PITTSBURGH — The Mets’ nearly perfect road trip came to an imperfect end Sunday as Robinson Cano suffered a strained left hamstring during their 13-2 win over the Pirates.
That was about the only downside to the most lopsided victory of the year for the Mets, who won a fourth series in a row and have won nine of their past 10 games. After going 5-1 against the White Sox and Pirates, the Mets head home three games out of a wild-card spot at 55-56, the closest they have been to .500 since June 11, when they were 33-34.
Noah Syndergaard cruised through seven innings of one-run ball and six Mets had multiple hits. Michael Conforto and J.D. Davis homered in the first inning — Davis’ went off the fourth story of a circular walkway beyond leftfield — and Jeff McNeil went deep in the seventh.
The injury to Cano, though, tempered some of the ensuing excitement.
“Obviously, that’s a tough one,” manager Mickey Callaway said. “He started swinging the bat well. It’s just tough.”
Cano (3-for-3) got hurt in the fourth, when he pulled up lame after rounding first on what looked like his third double. He immediately grabbed the back of his left leg, walked gingerly to the dugout and was replaced at second base by McNeil. He will get an MRI and be re-evaluated Monday in New York.
Cano, 36, already has gone on the injured list with a strained left quadriceps twice this year, once in May and once in June. He has four years and $96 million left on his contract.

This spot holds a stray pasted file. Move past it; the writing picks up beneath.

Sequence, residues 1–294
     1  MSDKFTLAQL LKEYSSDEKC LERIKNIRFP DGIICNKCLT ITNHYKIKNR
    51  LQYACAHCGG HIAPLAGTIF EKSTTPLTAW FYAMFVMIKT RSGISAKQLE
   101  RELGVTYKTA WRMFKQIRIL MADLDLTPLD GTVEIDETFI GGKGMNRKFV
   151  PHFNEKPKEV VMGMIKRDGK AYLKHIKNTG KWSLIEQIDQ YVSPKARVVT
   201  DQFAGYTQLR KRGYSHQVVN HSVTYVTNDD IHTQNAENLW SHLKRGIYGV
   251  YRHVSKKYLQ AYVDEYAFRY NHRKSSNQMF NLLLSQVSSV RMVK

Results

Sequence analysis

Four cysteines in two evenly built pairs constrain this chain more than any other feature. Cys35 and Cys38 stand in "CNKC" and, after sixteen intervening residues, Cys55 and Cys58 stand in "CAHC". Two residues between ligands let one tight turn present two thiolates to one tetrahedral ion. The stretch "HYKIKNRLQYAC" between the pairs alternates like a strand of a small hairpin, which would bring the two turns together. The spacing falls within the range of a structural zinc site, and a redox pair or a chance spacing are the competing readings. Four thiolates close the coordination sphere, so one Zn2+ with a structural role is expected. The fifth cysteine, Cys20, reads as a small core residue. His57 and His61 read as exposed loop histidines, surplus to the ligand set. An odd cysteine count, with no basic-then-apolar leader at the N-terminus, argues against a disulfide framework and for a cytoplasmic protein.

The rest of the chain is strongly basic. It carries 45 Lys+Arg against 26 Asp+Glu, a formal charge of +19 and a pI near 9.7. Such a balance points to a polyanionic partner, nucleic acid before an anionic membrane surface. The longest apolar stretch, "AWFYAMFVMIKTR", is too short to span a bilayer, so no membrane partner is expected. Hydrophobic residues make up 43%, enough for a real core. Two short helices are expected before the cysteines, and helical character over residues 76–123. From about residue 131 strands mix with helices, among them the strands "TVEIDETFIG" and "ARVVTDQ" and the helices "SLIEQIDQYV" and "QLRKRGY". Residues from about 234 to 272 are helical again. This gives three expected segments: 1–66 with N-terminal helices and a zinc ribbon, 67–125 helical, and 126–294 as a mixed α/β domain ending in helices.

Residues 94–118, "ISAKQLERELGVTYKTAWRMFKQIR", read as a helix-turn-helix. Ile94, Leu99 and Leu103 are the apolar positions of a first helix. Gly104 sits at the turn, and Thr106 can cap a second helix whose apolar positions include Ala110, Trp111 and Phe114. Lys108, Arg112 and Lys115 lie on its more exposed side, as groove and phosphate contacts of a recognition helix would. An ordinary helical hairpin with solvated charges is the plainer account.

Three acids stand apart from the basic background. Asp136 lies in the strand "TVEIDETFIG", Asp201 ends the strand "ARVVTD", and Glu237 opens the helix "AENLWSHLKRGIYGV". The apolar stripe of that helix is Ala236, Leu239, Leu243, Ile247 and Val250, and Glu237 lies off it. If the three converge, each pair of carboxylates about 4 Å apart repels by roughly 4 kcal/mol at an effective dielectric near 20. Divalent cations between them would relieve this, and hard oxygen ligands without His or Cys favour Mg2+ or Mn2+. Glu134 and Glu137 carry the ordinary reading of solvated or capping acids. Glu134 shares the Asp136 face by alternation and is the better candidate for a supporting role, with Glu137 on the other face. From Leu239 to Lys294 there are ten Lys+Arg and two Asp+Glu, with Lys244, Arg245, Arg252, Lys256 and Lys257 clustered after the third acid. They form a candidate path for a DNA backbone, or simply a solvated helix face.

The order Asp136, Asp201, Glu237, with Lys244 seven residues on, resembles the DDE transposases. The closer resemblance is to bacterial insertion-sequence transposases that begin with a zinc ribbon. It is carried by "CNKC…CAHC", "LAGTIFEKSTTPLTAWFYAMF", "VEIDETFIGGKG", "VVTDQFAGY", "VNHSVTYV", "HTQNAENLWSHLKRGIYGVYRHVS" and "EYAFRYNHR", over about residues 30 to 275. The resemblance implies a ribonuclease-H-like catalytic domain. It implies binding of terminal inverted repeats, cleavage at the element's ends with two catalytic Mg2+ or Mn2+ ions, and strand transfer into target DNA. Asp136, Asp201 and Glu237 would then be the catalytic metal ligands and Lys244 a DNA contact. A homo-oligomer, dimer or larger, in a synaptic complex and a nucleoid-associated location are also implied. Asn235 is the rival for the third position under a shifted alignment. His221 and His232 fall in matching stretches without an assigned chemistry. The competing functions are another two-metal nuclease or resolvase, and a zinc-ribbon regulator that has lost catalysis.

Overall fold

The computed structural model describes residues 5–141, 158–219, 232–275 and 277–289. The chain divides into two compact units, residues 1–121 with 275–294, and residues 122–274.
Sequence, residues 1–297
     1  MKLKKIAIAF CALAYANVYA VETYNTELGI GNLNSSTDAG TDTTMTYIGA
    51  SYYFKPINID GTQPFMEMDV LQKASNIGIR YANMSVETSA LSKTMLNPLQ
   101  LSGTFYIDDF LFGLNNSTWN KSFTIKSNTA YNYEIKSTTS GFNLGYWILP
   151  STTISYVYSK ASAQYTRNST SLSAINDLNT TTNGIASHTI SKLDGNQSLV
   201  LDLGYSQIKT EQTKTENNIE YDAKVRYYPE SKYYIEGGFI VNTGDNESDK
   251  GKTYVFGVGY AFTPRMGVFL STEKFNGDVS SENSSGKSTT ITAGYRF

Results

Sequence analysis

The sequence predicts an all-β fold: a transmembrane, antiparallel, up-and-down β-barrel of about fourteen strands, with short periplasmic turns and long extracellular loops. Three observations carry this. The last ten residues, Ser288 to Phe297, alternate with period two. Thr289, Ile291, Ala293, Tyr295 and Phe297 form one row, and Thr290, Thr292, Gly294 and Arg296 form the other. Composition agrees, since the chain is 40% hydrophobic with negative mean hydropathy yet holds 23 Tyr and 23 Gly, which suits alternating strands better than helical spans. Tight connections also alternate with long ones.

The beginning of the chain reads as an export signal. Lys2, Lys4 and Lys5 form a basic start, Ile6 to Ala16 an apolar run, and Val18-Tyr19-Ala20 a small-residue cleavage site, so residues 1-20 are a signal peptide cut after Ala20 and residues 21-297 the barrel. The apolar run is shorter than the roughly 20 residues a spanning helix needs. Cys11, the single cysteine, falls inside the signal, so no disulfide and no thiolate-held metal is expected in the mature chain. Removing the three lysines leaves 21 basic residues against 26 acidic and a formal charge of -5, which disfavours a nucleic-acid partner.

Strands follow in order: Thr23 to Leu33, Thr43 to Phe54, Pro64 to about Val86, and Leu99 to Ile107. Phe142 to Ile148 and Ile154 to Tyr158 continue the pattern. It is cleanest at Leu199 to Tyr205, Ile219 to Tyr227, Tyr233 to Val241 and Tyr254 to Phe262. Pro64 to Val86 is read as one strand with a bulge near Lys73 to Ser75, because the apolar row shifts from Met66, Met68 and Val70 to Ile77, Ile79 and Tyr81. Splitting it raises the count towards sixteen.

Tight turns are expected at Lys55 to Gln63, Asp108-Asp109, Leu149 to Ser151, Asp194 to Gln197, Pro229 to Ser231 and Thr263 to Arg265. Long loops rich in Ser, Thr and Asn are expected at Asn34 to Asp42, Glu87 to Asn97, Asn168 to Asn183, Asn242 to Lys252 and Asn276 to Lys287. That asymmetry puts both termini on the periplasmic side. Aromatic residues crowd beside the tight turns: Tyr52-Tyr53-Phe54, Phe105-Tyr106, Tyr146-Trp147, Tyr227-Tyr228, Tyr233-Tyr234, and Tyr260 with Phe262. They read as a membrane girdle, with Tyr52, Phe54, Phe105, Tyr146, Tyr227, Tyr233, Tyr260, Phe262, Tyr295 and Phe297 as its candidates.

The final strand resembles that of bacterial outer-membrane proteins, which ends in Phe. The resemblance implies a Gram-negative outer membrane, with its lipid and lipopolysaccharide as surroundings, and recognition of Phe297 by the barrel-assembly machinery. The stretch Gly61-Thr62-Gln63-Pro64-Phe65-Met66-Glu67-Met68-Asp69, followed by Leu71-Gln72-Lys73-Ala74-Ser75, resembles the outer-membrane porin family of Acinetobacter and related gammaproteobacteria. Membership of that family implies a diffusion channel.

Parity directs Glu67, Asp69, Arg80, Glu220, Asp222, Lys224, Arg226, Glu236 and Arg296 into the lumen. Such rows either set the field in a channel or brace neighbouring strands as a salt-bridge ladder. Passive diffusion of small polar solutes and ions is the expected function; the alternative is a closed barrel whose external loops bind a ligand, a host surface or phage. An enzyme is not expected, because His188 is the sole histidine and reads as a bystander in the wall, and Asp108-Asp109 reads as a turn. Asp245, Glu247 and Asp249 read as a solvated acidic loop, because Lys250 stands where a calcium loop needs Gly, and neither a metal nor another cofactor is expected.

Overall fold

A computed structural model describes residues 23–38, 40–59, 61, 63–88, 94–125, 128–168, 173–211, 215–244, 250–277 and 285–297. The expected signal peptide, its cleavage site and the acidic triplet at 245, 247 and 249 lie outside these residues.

Among the Mets’ internal infield options if Cano is officially sidelined again: Luis Guillorme (pulled from Triple-A Syracuse’s game right after Cano got hurt), Dilson Herrera and Ruben Tejada.
The injury is particularly poorly timed considering Cano’s bat had seemed to be coming around. Since ending a career-high 0-for-23 slump, Cano has gone 10-for-17, including four consecutive multi-hit games and five extra-base hits.
“I don’t really focus on me getting hot,” he said. “The way we’ve been playing and winning games, see what happens tomorrow and see how it’s going to be.”
The Mets hammered Joe Musgrove for eight runs and 10 hits in 3 1⁄3 innings. Todd Frazier (3-for-5, three RBIs) knocked him out with a two-run single.
“We kept our foot on their throat, and that’s what we needed,” Callaway said. “We didn’t miss our pitches. He got the ball up out over the plate a few times and we hit it, got on him early and didn’t back down.”
Syndergaard limited Pittsburgh to three hits and a walk as he lasted at least seven innings for a fifth consecutive start (posting a 1.78 ERA in that stretch). His ERA is 3.96, below 4.00 for the first time since his first inning of the season.
Especially satisfying to Callaway: Syndergaard going deep helped save the bullpen, and all of the Mets’ relievers will be available Monday for a doubleheader against the Marlins.
“When the offense explodes like that, really comes alive and gives me a nice cushion, it changes the way I pitch my game,” Syndergaard said. “Pop heaters in there and let them get themselves out.”
The doubleheader is a major opportunity. A sweep would mean a winning record for the first time since May 2. The Mets’ goals are bigger than reaching and surpassing .500, though.
“I don’t think that means anything, if you want the truth,” Frazier said. “I think the mark is to get to the playoffs.”
Noah Syndergaard has gone at least seven innings in his last five starts.
DATE OPP IP ER K/BB
7/13 MIA 7 2 9/0
7/18 SF 7 1 8/1
7/24 SD 7 3 8/5
7/30 CHW 7.1 0 11/1
8/4 PIT 7 1 3/1
ERA 1.80 K/BB 39/8